MADISON, WI (September 17, 2020) — Robert Golden sees the danger of Alzheimer’s disease.
“Among the 10 most deadly diseases [in America],” he said, “it’s the only one that cannot be prevented or cured at this time.”
Golden is the dean of UW–Madison’s School of Medicine and Public Health, and he hosted a conversation about Alzheimer’s research during the Wisconsin Medicine Livestream event on September 15. Golden’s guests included several of the UW’s leading dementia researchers: Sanja Asthana, the founding director of the Wisconsin Alzheimer’s Disease Research Center; Sterling Johnson, the Finley Professor of Geriatrics and Dementia; Cynthia Carlsson, the Holland Professor of Alzheimer’s Disease; and Carey Gleason, a clinical neuropsychologist and member of the UW faculty.
Asthana noted that six million Americans suffer from Alzheimer’s and gave an overview of UW studies of the disease. He urged viewers to see the value of the university’s work. “It is quite clear that the only way we can [beat] Alzheimer’s is through cutting-edge research,” he said.
The key biomarker for Alzheimer’s is a buildup of amyloid proteins, and Johnson described efforts to increase doctors’ ability to recognize amyloid accumulations. “Our goals are to identify Alzheimer’s before its symptoms appear,” he said. “You think of Alzheimer’s affecting the brain, and that means we have to get in and study the brain.”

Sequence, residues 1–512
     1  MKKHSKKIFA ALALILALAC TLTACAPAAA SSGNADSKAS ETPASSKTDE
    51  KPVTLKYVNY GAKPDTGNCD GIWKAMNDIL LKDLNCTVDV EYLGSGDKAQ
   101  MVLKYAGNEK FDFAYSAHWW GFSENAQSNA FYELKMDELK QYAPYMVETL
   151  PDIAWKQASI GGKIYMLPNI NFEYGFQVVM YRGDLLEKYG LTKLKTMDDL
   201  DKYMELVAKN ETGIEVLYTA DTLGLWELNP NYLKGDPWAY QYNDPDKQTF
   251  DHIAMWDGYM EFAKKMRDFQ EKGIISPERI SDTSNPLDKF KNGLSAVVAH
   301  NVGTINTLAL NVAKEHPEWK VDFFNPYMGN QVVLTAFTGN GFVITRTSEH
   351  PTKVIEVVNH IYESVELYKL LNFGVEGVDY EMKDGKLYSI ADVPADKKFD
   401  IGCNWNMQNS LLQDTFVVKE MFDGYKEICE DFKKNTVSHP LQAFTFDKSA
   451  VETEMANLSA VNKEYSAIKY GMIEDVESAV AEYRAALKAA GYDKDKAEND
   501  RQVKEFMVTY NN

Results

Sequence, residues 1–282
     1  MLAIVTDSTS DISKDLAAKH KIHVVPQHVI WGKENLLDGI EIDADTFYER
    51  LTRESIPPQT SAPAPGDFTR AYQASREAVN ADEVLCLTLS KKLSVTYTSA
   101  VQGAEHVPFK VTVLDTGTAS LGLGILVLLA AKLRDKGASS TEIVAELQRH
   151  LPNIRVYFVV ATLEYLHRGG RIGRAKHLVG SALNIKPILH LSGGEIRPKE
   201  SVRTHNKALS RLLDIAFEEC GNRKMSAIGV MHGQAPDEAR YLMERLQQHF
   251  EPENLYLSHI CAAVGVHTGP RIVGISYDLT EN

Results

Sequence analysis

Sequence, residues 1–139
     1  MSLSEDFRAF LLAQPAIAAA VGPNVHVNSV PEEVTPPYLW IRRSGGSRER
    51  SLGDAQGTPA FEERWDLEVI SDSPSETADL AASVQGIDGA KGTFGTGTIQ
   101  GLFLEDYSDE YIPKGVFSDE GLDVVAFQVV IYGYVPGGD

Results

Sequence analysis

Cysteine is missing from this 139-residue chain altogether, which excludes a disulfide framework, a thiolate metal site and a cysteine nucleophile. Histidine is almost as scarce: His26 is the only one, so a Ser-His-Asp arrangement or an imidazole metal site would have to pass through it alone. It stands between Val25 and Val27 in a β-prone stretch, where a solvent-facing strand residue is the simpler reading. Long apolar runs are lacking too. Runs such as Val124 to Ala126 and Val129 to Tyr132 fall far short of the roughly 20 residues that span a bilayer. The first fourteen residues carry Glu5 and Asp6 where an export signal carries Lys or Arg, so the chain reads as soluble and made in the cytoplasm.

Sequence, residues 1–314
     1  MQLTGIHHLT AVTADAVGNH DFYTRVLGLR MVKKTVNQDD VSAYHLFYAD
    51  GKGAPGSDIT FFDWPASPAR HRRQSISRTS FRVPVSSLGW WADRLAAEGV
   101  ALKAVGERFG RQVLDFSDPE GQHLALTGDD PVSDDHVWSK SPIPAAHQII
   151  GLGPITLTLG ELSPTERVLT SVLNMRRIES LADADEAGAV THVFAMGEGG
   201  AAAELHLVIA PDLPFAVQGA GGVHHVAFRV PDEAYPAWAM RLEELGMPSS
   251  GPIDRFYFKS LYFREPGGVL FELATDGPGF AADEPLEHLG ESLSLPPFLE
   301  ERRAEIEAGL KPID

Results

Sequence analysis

Carlsson added that amyloid isn’t the only risk factor. Alzheimer’s also tends to show up more often in people who have high blood pressure, diabetes, poor sleep, traumatic brain injury, depression, and stress. “The good news is these are things we can do something about,” she said. She showed how a decrease in these other risk factors project to a 10 percent reduction of U.S. Alzheimer’s cases by 2050.
Gleason discussed recruitment for research projects, which have often drawn on an overrepresentation of white people, even though the prevalence of Alzheimer’s among Black and Native American populations is much higher. The UW has made a concerted effort to improve recruitment of underrepresented populations in its dementia studies, and the university’s success in this area is due to the way it has involved subjects as partners in the research process. “We see them as true partners,” she says, “and not just bodies from which we collect data.”
Golden brought forward questions from some of the hundreds of viewers who watched the event live on YouTube. To hear more from the members of the panel, view a recording of Wisconsin Medicine. The series is offered via YouTube and will continue into the fall. The next event will be September 29 and will cover the future of medicine.